Can a pri­vate in­vestor beat pro­fes­sional fund man­agers?

Not only large fund man­agers beat bench­marks. Si­mon Brown dis­cusses two huge ad­van­tages a pri­vate in­vestor has over such in­vest­ment firms.

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are­cent study by Morn­ingstar into South African unit trusts showed that the best pre­dic­tor of which funds would beat their bench­mark was low fees. This makes per­fect sense. If you have, say, 100 fund man­agers with the same bench­mark, only 50 can beat the bench­mark while 50 will un­der­per­form. But as soon as we bring fees into the equa­tion, we see the num­ber out­per­form­ing drop­ping markedly.

S&P Global re­leased its most re­cent S&P In­dices Ver­sus Ac­tive (SPIVA) re­search re­port for South Africa for the year 2016 and it again shows very few funds beat­ing the S&P South Africa Do­mes­tic Share­holder Weighted (DSW) In­dex that they use as a bench­mark.

Over one year (a pe­riod that is far too short to be mean­ing­ful), just over 27.5% of funds beat the bench­mark. Over three years just fewer than 20% did so and over five years (the min­i­mum time frame for any in­vestor) a frac­tion over 23% beat the in­dex. So broadly we can say that one in four funds beat the bench­mark. But the trick is know­ing which it will be.

Tak­ing the Morn­ingstar re­search into ac­count, the only real way we have of se­lect­ing is based on fees. If half of any group of fund man­agers must un­der­per­form be­fore fees, then it fig­ures that the lower the fees, the bet­ter chance one has of out­per­form­ing.

But there is another side to this story and it starts with a ques­tion I of­ten get asked: if fund man­agers strug­gle to beat bench­marks, how much chance does a pri­vate in­vestor have of beat­ing the bench­mark?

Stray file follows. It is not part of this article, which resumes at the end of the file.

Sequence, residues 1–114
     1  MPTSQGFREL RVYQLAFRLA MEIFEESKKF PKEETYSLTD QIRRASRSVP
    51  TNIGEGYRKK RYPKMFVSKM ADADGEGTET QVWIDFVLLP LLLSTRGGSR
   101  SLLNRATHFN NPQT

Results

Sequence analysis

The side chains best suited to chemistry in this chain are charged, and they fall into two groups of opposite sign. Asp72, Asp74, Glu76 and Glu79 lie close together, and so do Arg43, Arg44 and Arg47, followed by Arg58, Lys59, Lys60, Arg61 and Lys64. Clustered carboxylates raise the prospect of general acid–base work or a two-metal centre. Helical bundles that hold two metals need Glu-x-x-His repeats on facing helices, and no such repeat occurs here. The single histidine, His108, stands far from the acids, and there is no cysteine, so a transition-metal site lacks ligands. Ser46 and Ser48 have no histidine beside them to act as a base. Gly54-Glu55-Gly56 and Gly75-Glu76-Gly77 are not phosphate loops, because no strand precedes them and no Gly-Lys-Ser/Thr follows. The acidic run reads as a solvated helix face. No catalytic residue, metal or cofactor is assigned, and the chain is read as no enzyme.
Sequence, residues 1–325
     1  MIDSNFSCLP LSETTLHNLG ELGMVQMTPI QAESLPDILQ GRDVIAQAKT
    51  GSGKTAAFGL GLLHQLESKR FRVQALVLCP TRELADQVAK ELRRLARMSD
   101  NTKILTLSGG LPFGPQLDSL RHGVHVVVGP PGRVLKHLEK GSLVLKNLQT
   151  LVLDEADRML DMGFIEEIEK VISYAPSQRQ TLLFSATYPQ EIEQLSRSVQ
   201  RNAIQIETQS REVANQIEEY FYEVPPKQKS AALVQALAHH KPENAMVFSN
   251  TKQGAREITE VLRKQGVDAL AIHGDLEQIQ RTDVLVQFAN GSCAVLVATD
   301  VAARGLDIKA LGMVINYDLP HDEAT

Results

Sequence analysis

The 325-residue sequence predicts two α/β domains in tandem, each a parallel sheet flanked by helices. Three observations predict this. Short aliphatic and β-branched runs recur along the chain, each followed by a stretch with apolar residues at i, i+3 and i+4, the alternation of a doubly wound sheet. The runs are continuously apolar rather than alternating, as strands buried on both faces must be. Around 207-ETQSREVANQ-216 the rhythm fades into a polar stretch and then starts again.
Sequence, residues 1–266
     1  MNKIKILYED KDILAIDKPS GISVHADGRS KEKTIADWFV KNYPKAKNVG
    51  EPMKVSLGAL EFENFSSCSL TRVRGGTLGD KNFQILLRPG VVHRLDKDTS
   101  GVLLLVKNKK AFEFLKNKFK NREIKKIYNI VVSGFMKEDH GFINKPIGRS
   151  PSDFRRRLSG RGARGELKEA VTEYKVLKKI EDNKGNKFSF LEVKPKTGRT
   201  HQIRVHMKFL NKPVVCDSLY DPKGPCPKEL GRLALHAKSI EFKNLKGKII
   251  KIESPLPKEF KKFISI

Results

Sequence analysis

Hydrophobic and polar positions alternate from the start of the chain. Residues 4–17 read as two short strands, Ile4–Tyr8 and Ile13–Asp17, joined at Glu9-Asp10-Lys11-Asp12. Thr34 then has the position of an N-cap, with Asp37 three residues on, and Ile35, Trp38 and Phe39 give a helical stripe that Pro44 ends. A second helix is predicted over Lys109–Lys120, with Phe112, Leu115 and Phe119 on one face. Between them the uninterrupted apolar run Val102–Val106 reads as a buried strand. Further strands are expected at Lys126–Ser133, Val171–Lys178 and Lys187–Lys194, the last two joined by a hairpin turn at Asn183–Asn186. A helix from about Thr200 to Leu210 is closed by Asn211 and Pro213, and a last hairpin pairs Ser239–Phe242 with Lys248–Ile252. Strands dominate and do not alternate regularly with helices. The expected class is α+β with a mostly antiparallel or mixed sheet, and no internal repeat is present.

More choice and more flex­i­bil­ity

My view is that we have sev­eral ad­van­tages that give us an edge over fund man­agers when it comes to per­for­mance.

The first is that as we have much smaller port­fo­lio sizes, we have a lot more flex­i­bil­ity. Even a mod­est-sized fund likely has sev­eral hun­dred mil­lion rand to in­vest and this means it has a smaller set of stocks that it can buy into due to mar­ket cap and liq­uid­ity. A large multi­bil­lion-rand fund has an even smaller num­ber of stocks it can in­vest in.

So, while the in­di­vid­ual in­vestor has a uni­verse of sev­eral hun­dred po­ten­tial stocks to in­vest in, the fund man­agers have maybe 50 to 100 stocks. Now this is less about these stocks be­ing smaller and hence po­ten­tial 10-bag­gers (stocks that has the po­ten­tial to in­crease 10-fold, or more broadly, stocks with ex­po­nen­tial growth po­ten­tial), which while true is only partly our edge. It is more about be­ing able to buy qual­ity smaller com­pa­nies that do very well over the long term. More choice, used wisely, gives us a real edge.

We also have another ad­van­tage that is im­por­tant. Be­cause pri­vate in­vestors have much smaller port­fo­lios and hence much smaller po­si­tion sizes, we have an ad­van­tage of speed in that we can get in or out of an in­vest­ment usu­ally in one trade. Think of Al­lan Gray’s po­si­tion in Net1 UEPS. Even if the in­vest­ment com­pany wants out, it owns a huge chunk of the stock and is sim­ply un­able to sell the stocks in a hurry. Likely it would take months if not years to exit the po­si­tion. Yet a pri­vate in­vestor could be out in just a few clicks of their mouse.

So, it is not just that fund man­agers typ­i­cally un­der­per­form their bench­marks, but it is also that we have a real chance, due to our smaller size, to ac­tu­ally beat the bench­mark. This means we don’t need to be reck­less try­ing to grow our port­fo­lio. We can use our smaller size to buy the qual­ity stocks that fund man­agers can’t, and with­out any real stress we can cre­ate mar­ket­beat­ing re­turns.

Be­cause pri­vate in­vestors have much smaller port­fo­lios and hence much smaller po­si­tion sizes, we have an ad­van­tage of speed in that we can get in or out of an in­vest­ment usu­ally in one trade.

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